[L. passus, a step]
1. Setting the rate or tempo of an event, esp. the heartbeat.
2. Walking forward and back or side to side without a defined destination.
3. Following prescribed limits on activities, esp. during recovery from an injury.
Cardiac pacing set at a rate independent of the heart's own pacemakers. This allows pacemaking at heart rates that are faster or slower than the patient's diseased pacemaker.
SEE: DDD pacemaker
Controlled electrical stimulation of the muscles of the diaphragm, used to treat hypoventilation syndromes. It may be done directly or indirectly (via stimulation of the phrenic nerve).
Electrical pacing of the heart by conductive leads inserted surgically, usually during bypass graft or valvular operations. The leads are used in the postoperative period for the management of heart blocks or dysrhythmias and are removed as the patient stabilizes.
external thoracic pacing
Artificial stimulation of gastrointestinal contractions with an implanted pulse generator. It is used to treat gastric motility disorders and morbid obesity.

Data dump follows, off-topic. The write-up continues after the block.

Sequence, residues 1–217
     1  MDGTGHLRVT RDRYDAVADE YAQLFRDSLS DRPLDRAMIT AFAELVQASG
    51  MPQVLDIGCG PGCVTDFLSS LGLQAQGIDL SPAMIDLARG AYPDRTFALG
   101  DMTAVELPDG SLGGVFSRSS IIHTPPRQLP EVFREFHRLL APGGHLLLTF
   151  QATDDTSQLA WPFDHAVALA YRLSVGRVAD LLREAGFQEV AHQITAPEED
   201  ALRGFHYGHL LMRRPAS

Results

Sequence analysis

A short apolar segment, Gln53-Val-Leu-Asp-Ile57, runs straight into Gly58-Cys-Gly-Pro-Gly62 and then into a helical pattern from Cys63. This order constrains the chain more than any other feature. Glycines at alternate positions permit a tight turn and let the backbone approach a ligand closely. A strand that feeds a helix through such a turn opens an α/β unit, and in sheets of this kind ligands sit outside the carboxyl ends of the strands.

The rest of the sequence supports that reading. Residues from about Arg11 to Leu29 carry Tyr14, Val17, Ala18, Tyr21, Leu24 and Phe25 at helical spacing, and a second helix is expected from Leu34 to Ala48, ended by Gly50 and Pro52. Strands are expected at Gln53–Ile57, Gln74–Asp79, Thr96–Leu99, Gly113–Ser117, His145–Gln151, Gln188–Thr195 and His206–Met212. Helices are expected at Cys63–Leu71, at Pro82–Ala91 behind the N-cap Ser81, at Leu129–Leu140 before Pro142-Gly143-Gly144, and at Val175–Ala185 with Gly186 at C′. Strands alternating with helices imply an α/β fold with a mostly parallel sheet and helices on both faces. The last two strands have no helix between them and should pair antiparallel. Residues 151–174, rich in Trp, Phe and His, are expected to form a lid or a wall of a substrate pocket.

SYN: SEE: gastric electrical pacing
gastric electrical pacing
SEE: Gastric pacing.
Using a pacemaker to generate a heart rate that is faster than the spontaneous heart rate of the patient. This is used in attempts to capture and terminate tachycardias or, in some cases, to try to trigger and study tachycardias in patients who have suffered them in the past.
Cardiac pacing set at a rate matching the underlying rate of one of the heart chambers.
The application of an electrical current between electrodes placed on the skin to stimulate the heart to beat. Typically, the electrodes are placed on the anterior and posterior chest, or to the right of the sternum and below the clavicle and on the midaxillary line at the level of the sixth to seventh ribs.
SYN: SEE: external pacing; SEE: external thoracic pacing; SEE: noninvasive pacing; SEE: transchest pacing